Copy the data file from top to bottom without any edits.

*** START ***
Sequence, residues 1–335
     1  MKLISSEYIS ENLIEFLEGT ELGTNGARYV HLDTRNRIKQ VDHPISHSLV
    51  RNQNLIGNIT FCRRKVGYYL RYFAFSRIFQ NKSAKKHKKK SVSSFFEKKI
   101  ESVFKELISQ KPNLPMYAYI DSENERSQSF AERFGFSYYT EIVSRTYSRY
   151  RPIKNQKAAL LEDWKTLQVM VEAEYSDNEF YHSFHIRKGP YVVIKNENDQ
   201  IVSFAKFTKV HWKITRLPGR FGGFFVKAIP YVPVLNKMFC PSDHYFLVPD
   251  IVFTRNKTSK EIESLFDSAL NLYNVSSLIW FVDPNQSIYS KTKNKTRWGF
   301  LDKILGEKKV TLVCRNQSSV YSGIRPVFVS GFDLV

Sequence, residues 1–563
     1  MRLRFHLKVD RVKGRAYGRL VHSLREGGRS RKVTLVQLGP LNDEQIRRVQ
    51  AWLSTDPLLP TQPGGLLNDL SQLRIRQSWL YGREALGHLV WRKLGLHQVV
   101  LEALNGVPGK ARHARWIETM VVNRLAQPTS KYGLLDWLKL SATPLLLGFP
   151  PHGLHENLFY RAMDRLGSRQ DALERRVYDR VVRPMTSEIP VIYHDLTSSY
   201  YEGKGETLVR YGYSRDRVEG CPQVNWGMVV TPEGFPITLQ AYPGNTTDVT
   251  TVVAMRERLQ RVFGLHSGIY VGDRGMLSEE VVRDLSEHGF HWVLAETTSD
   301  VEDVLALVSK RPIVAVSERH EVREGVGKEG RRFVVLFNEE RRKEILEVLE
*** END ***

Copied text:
Sequence, residues 1–335
     1  MKLISSEYIS ENLIEFLEGT ELGTNGARYV HLDTRNRIKQ VDHPISHSLV
    51  RNQNLIGNIT FCRRKVGYYL RYFAFSRIFQ NKSAKKHKKK SVSSFFEKKI
   101  ESVFKELISQ KPNLPMYAYI DSENERSQSF AERFGFSYYT EIVSRTYSRY
   151  RPIKNQKAAL LEDWKTLQVM VEAEYSDNEF YHSFHIRKGP YVVIKNENDQ
   201  IVSFAKFTKV HWKITRLPGR FGGFFVKAIP YVPVLNKMFC PSDHYFLVPD
   251  IVFTRNKTSK EIESLFDSAL NLYNVSSLIW FVDPNQSIYS KTKNKTRWGF
   301  LDKILGEKKV TLVCRNQSSV YSGIRPVFVS GFDLV

Sequence, residues 1–563
     1  MRLRFHLKVD RVKGRAYGRL VHSLREGGRS RKVTLVQLGP LNDEQIRRVQ
    51  AWLSTDPLLP TQPGGLLNDL SQLRIRQSWL YGREALGHLV WRKLGLHQVV
   101  LEALNGVPGK ARHARWIETM VVNRLAQPTS KYGLLDWLKL SATPLLLGFP
   151  PHGLHENLFY RAMDRLGSRQ DALERRVYDR VVRPMTSEIP VIYHDLTSSY
   201  YEGKGETLVR YGYSRDRVEG CPQVNWGMVV TPEGFPITLQ AYPGNTTDVT
   251  TVVAMRERLQ RVFGLHSGIY VGDRGMLSEE VVRDLSEHGF HWVLAETTSD
   301  VEDVLALVSK RPIVAVSERH EVREGVGKEG RRFVVLFNEE RRKEILEVLE